I've noticed that the recent tipping of the beautiful Christchurch weather into rain, wind, and grey skies has had an effect on my mood. I find myself feeling slightly more serious, a bit more withdrawn, and a little bit somber. (You don't have to worry about me though - I'm not getting depressed, and as a therapist, I'd know!)
We all know weather affects our mood, but interestingly, I rarely meet people who are angry at the weather. We don't tend to look up at the sky and shake our fists in anger at it, even when the weather really has ruined our day or our plans. I think we don't get angry at the weather because we don't personalise it. There's just no point getting angry and geared up to fight the weather, because it really is hard to convince ourselves that the rain is coming down out of a sense of spite and malice or intent to personally hurt us. It's just laughable. This makes bad weather generally a nuisance, but nothing more than that, because we don't add an extra layer of suffering through getting angry and getting into conflict with the weather.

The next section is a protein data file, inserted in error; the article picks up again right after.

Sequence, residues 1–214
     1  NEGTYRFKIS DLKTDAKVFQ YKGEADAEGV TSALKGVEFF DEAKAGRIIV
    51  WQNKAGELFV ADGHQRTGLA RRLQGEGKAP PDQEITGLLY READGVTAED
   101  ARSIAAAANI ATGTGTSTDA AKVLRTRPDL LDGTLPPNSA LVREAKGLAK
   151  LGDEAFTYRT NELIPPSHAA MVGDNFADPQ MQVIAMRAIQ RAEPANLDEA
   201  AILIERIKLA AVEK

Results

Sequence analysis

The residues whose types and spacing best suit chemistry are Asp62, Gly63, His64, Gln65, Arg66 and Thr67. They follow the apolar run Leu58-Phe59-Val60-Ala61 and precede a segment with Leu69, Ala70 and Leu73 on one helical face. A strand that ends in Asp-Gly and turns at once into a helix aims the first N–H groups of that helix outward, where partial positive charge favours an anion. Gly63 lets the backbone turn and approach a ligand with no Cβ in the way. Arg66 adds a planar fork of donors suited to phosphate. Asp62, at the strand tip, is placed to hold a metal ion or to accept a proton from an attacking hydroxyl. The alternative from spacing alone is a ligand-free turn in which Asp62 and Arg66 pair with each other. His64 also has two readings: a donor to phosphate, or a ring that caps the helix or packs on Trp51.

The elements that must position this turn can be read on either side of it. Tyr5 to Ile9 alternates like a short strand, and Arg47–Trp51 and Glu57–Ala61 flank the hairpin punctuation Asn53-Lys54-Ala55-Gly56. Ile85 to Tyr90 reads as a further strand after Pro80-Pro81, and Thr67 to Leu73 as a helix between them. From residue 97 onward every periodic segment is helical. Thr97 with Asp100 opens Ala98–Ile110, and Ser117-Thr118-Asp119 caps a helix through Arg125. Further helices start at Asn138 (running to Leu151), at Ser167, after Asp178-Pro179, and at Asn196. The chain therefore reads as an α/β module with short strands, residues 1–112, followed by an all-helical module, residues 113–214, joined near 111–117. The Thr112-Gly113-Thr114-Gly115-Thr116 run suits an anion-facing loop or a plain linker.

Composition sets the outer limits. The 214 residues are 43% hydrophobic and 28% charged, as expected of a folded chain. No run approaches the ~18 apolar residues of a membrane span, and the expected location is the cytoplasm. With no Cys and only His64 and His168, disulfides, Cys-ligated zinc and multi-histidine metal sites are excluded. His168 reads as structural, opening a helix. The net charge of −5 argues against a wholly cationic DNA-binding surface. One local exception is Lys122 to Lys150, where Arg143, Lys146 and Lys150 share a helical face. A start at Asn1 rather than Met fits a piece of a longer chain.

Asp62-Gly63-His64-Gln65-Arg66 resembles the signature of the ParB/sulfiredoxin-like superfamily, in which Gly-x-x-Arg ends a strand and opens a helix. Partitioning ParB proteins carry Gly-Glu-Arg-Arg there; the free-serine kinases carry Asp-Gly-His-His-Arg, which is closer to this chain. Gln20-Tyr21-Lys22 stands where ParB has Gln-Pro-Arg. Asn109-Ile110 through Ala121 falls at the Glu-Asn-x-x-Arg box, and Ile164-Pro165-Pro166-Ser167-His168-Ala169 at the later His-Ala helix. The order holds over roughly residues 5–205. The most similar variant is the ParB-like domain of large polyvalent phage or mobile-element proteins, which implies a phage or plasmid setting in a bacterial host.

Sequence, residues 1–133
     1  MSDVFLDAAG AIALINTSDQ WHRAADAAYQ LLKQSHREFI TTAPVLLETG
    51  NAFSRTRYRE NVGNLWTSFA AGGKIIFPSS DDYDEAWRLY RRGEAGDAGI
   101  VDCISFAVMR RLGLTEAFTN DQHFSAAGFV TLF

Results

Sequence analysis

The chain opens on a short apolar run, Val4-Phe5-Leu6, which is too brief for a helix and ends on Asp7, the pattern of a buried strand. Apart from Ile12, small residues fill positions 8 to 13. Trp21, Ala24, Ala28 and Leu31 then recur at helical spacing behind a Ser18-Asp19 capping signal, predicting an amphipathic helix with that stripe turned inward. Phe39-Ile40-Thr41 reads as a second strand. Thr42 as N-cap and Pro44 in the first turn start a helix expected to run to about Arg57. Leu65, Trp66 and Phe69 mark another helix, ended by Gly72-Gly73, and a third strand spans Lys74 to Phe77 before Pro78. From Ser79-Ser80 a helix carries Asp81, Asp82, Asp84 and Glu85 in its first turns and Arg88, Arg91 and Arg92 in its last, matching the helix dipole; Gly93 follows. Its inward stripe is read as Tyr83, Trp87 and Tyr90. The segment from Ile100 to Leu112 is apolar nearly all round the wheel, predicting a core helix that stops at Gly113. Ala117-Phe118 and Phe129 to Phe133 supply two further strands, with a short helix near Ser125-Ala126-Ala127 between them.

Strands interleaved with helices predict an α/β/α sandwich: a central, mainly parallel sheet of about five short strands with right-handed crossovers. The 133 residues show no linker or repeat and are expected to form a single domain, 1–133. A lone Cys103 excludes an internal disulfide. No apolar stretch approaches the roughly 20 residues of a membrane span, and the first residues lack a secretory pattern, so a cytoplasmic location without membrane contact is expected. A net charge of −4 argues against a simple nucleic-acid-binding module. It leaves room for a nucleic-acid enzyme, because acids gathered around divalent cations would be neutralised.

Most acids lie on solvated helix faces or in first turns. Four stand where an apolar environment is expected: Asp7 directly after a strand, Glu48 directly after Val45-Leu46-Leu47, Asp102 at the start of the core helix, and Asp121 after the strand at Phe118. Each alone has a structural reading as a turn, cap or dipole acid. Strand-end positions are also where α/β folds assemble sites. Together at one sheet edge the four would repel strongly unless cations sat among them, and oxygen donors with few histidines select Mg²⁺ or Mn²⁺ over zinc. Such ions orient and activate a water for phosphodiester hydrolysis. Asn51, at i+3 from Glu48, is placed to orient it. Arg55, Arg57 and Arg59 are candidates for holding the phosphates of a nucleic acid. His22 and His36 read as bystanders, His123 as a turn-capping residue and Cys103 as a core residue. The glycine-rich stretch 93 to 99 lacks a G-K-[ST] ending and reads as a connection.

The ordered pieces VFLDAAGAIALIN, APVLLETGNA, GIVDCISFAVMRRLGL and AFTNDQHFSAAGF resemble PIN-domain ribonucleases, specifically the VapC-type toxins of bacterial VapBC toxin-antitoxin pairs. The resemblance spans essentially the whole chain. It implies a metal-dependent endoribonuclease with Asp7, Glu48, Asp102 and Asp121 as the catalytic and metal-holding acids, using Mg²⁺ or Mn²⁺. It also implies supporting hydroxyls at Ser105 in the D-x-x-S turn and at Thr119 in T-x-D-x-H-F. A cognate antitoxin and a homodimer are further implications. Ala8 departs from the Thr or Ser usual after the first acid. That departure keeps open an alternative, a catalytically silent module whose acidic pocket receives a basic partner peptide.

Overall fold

What if we could similarly avoid unnecessary suffering in our relationships? Actually, it is possible. By talking through in therapy our rationale for our anger, we can familiarize ourselves with it, and then often let it go. For instance, if I get angry at my partner, and realise that a belief that reinforces that is that my partner takes me for granted and exploits me, then in therapy I can really examine that. Are there other possible explanations for his or her behaviour, explanations that may move us towards compassion rather than anger? Or, on the other hand, maybe my explanation that my partner exploits me is actually correct, but, will I be better served by examining my own complicit patterns of naivete?
Through therapy we can develop the capacity for emotional balance, in which we may be affected by the storms of our life, but do not become pulled into fighting ourselves and others unnecessarily.